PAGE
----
On 26 November, Dr Jerome Booth will be honoured for his success in the risky world of international finance.  He is head of research for the Ashmore Group plc, a world leading emerging markets investments company valued at £2 billion last year. The group is listed on main LSE market, FTSE250 company and Jerome is the second largest shareholder.

He is a member of the Investment Committee and the ‘public face’ of the company, regularly contributing to and quoted by the world’s financial press to comment on the ever-changing situation financial situation impacting on countries like Russia or continents including Asia.The current Ashmore funds have over 1,800 investors across its investment themes, with a predominantly institutional investor base which includes pension plans, central banks and other government agencies, financial institutions and corporates.

Also receiving awards on the day will be Joanna Killian and Andrew Smith.

Joanna Killian will be the recipient of another honour bestowed by the University, for her achievements in the world of service delivery.

She joined Essex County Council as Director for Finance and Performance in March 2005, taking on a wider brief of Director for Policy, Resources and Performance three months later. She started her role as Acting Chief Executive in June 2006 and was appointed Chief Executive in September 2006, the first woman to hold the post, aged 41.  She leads a ten-strong corporate leadership team and has a close working relationship with the Leader of the Council, Lord Hanningfield, who is a strong advocate of community leadership within and outside Essex.

On 1st October 2007 she also took responsibility as Chief Executive for Brentwood District Council with a mandate to secure seamless and efficient services for customers and taxpayers across the tiers in this locality of Essex. It is the first such arrangement in the country.

Andrew Smith is a headteacher who is known, admired and highly respected by the families, communities and the professional communities to which he contributes.

He is known within the education sector for his gift of turning schools

around, making a particularly significant contribution to children from Essex. His first experience of this was at Melbourne Park Primary School, where he brought the school out of causing concern to the local authority, turning it into a thriving hub of learning for pupils and their families which raised local community aspirations. Then Andrew moved to Lyons Hall Primary School in Braintree, where his task was different.  His priorities were to remodel the curriculum for a growing school, develop the management and leadership capability, raise standards of achievement, and create links with other schools which he did to great effect.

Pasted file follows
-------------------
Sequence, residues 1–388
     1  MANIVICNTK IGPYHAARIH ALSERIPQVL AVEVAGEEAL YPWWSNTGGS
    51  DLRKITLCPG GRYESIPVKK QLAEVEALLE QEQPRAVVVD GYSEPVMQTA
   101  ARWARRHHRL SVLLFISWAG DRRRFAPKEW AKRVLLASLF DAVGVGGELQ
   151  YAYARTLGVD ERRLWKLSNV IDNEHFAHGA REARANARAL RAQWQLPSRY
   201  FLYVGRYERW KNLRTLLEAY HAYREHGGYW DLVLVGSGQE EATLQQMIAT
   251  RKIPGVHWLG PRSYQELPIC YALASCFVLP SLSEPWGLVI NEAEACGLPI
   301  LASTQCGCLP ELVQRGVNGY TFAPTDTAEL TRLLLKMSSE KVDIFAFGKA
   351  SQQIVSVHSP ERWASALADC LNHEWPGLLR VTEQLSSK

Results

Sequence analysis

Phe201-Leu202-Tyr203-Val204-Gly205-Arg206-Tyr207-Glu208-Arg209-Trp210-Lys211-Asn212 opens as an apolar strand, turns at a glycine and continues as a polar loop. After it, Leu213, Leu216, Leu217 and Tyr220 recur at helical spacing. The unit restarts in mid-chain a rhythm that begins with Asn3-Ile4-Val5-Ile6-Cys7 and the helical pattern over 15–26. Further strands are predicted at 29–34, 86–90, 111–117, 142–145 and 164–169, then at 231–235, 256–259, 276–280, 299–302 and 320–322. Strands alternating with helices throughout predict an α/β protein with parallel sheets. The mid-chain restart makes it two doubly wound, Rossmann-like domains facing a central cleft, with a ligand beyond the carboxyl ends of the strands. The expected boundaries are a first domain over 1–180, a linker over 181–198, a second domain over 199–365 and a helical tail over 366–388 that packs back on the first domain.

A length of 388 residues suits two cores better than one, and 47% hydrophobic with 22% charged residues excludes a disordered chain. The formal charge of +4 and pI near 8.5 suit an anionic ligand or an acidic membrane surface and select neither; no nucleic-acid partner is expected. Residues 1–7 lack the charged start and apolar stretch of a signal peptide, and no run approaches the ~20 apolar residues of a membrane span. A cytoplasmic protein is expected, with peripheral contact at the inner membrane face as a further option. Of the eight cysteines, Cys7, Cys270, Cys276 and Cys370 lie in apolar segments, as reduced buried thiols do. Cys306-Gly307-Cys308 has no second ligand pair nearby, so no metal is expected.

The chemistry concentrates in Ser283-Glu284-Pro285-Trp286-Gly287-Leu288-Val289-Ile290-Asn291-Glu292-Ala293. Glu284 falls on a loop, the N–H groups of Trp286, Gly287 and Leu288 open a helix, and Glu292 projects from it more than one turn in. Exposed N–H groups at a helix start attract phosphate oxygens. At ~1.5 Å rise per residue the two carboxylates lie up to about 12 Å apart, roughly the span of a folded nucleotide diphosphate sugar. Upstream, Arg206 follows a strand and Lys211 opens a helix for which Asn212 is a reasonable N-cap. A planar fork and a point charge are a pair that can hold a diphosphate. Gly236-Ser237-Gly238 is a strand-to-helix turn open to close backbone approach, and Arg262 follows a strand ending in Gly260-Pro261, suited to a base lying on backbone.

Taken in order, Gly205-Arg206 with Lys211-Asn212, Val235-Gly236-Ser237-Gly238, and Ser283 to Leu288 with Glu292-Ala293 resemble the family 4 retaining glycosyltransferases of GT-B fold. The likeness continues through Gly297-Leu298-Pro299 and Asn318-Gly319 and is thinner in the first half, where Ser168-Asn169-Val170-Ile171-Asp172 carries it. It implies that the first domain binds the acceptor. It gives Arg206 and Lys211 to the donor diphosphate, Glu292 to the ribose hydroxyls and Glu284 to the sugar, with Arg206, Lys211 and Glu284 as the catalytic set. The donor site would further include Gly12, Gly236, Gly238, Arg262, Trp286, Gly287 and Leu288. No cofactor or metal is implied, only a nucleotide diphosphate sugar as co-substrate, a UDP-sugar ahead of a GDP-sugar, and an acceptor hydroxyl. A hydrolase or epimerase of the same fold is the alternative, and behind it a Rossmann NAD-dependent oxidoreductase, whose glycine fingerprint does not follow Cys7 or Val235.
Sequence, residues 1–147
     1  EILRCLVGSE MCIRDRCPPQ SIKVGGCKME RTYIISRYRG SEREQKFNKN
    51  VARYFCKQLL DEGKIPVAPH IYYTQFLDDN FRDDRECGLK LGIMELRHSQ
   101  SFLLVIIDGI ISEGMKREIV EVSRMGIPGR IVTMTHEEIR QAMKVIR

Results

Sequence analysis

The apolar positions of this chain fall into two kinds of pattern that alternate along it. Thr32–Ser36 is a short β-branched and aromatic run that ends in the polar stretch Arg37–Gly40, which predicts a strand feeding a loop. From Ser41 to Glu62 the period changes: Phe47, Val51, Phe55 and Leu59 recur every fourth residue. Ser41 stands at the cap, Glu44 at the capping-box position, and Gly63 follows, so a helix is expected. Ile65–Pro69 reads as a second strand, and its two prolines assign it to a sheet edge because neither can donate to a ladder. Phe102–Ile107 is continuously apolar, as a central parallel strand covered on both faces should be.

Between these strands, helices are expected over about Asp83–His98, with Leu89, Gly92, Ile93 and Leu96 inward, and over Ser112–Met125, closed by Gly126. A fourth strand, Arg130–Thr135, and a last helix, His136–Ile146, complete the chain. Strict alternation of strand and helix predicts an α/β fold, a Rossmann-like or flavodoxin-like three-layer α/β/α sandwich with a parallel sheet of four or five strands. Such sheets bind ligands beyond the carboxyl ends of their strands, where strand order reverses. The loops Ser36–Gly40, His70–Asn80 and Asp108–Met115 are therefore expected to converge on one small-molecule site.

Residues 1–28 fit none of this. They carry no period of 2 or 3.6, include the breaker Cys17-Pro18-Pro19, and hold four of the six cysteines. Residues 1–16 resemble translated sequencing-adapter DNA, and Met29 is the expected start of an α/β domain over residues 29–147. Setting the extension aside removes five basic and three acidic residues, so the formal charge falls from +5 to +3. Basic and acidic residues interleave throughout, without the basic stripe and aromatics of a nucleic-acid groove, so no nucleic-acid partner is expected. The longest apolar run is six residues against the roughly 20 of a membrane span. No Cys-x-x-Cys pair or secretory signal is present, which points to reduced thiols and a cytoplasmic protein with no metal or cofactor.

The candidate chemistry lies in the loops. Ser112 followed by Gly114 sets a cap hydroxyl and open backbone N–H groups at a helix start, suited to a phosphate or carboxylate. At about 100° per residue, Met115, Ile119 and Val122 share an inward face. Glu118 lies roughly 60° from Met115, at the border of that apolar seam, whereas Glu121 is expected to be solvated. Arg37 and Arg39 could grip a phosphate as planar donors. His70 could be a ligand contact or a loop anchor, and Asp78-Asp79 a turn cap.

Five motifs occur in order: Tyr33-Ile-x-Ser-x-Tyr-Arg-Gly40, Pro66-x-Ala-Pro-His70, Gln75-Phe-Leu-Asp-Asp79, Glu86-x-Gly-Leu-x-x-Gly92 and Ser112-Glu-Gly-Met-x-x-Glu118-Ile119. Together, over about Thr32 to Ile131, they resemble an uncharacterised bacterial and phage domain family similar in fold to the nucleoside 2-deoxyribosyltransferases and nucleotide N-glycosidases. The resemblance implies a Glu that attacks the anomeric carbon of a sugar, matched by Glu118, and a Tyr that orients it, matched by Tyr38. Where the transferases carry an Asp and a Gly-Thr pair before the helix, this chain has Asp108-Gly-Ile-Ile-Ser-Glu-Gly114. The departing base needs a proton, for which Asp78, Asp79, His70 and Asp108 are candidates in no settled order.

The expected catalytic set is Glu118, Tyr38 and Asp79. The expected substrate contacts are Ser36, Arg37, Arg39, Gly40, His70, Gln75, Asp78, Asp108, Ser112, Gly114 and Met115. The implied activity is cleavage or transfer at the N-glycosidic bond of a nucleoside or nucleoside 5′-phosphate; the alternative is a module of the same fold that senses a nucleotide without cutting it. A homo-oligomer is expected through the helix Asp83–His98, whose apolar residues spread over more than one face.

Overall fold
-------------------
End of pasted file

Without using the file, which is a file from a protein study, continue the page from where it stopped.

On 27 November, Martina Cole, Baroness Young and Julie Spence will receive awards.

Baroness Scott Young, or Baroness Young of Old Scone as she is also known, has worked within the health service before ‘weathering’ the recent storms of the Environment Agency.

She is someone who loves a challenge and who is driven to succeed in everything she does which is why she has achieved so much over the years of her career. She has two facets to her work.  She is an extremely successful leader and manager. She also sits on the cross benches of the House of Lords. Most recently as Chief Executive of the Environment Agency, she has faced tough questioning herself, over the devastating effects of recent storms, however, this did not stop her from feeling justifiably proud of the many and varied achievements she accomplished as the ‘woman in charge’.

Baroness Young, was born in Perth in 1948, not far from ‘Old Scone’ which is located just outside Perth, and the home of the Baroness.  She spent her formative years in Scotland, receiving her early education at the Perth Academy before turning to higher education at the Universities of Edinburgh and Strathclyde.  She studied Classics and Business.

In April, this year, Health Secretary Alan Johnson announced the appointment of Baroness Young as shadow Chair of the Care Quality Commission (CQC) which is the new body that regulates health and adult social care.

Barbara Young is described as ‘bright, vibrant and energetic’. She is known for getting on with the job which for her is usually harnessing organisations with her strong leadership to deliver benefits for people or the environment.

Julie Spence OBE completes the line up for the 2008 honoraries on the third day of graduations. As Chief Constable of Cambridgeshire Police, Julie has broken down every ‘glass barrier’ that exists to women to get where she is today and she has helped and inspired many of her colleagues do the same.

While being at the frontline of the community, helping to improve the   county’s experience of policing, she is also a leading light within a number of key organisations in the UK, and around the world.  She sits on the Association of Chief Police Officers’ Cabinet and is President of the British Association for Women in Policing. Julie Spence was awarded an OBE in 2006 for championing women police.

At Thames Valley Police, where she worked before joining Cambridgeshire in 2004, she led an operation to protect Heathrow airport, in partnership with the Metropolitan and Surrey forces and handled the policing operation for the Queen Mother’s funeral.  Within her professional career, she has also worked with the Association of Chief Police Officers (ACPO) on royalty and VIP protection and counter terrorism tactics.